Every leader must aim to find balance between micromanaging and being completely hands-off.  It won’t pay off well to get stuck micromanaging trivial details and not be able to prioritize vital tasks. Successful leaders are honest with themselves. They don’t hesitate to onboard a successor if they aren’t able to give a task their intense focus.

4.                 Make your own holy grail

While scaling a company it is pivotal to properly define and document best practices. The vision starts from you and there’s no one in the world that could document the way you could as a founder. “What works and what does not” ought to be passed on clearly and carefully. Today, the market has plethora of tools. Go for something that’s easy to use and is rewritable. Like a Google Document. So that, your heir can refine the document for his or her eventual heir.

By documenting the best practices, you’ll be setting a good example for all your employees. And it’ll be easier for them to continue the legacy.

5.                 Milestones

Once you have mastered the art of documentation and delegation of pivotal tasks. The next step is to set milestones. These milestones will act as a compass in your journey for a successful company.

  1. What all marketing initiatives are generating the most opportunities and revenue?

  2. Are you getting enough organic leads?

  3. How good is the presales team at converting leads into prospects?

  4. How good is the sales team at converting prospects into customers (and then eventually clients)?

  5. How good is the product team at delivering on time and within budget?

  6. What is your customer acquisition cost?

Thorough analysis of the above will ensure achieving company goals. Even better you can engage in executable and productive interchange with your newly hired top talent. The ultimate goal is to build an agile and collaborative core team.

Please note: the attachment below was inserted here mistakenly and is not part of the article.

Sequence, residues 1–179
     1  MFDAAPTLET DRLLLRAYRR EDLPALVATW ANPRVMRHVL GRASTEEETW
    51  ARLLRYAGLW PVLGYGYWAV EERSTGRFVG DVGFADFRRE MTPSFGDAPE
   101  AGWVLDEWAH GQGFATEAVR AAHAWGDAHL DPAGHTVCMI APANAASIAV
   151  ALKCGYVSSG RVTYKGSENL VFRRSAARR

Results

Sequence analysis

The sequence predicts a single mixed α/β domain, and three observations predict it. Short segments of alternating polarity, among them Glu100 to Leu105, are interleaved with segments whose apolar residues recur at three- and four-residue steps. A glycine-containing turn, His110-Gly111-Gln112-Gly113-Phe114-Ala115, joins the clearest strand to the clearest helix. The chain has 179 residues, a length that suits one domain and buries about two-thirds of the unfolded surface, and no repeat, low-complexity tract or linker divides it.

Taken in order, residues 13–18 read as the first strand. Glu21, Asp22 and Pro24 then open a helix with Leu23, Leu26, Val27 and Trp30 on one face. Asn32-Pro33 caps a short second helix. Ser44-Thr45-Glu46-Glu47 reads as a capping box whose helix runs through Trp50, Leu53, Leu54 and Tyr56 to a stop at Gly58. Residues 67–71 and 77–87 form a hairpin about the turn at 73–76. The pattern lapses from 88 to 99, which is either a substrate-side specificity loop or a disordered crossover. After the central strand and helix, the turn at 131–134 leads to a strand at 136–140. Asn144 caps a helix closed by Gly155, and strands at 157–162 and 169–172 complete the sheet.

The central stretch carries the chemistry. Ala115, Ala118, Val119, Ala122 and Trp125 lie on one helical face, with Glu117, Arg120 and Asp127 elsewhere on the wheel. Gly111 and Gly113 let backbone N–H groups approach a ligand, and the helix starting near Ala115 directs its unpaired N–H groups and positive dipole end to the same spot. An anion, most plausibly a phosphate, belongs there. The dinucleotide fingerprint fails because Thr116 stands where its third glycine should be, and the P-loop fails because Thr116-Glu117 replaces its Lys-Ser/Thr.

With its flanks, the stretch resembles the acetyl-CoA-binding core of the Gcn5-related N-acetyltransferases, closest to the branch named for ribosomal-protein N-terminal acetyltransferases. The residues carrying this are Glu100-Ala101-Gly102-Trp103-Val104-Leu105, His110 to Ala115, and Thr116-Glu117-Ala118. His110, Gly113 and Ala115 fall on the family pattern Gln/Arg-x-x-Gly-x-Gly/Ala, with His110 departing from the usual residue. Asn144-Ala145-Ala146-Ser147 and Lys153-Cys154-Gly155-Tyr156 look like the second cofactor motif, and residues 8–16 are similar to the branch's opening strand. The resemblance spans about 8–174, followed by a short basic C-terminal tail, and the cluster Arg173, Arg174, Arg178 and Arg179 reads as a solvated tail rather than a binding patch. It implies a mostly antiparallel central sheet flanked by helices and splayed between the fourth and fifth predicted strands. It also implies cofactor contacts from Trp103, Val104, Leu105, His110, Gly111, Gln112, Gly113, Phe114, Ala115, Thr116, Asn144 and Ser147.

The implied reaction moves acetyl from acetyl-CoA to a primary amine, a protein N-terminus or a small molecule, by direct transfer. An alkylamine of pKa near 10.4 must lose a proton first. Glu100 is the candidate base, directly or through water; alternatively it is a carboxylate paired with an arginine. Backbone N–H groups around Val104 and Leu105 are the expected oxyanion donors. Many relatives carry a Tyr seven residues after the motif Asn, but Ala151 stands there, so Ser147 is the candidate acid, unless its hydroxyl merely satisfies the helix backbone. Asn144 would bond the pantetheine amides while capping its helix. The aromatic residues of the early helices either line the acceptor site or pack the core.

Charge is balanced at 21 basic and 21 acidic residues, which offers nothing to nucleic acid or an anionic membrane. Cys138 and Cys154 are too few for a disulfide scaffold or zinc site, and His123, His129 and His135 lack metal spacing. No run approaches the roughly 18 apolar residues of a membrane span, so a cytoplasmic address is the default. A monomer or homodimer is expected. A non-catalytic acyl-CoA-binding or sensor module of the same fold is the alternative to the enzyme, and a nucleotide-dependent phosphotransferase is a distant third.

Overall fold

6.                 Retention is the key

When you’re in a start-up, the first ten people will determine whether the company succeeds or not. Each is 10 percent of the company. So why wouldn’t you take as much time as necessary to find all the A players? If three were not so great, why would you want a company where 30 percent of your people are not so great? A small company depends on great people much more than a big company does.” Steve Jobs

Shelling out high salaries is the easy part. The herculean task is to retain the talent. Developers don’t shy away in switching from one project to another one. The blame cannot be put on engineers alone. According to Harvard Business Review, approximately 80 percent of employee turnover is due to bad hiring decisions. Apparently the Company leaders and hiring managers are still following the traditional processes to recruit new talent in the team. One of the leading remote coder testifies neatly defined process of new age tool for on demand hiring – HireCoder.

Company leaders can easily relate to these statistics. The bitter truth is they aren’t happy with their engineering teams. And to top that they’re struggling to find top notch talent for their companies.

If you too are having hardships in building a world class team of top notch talent. Look no further. Register here!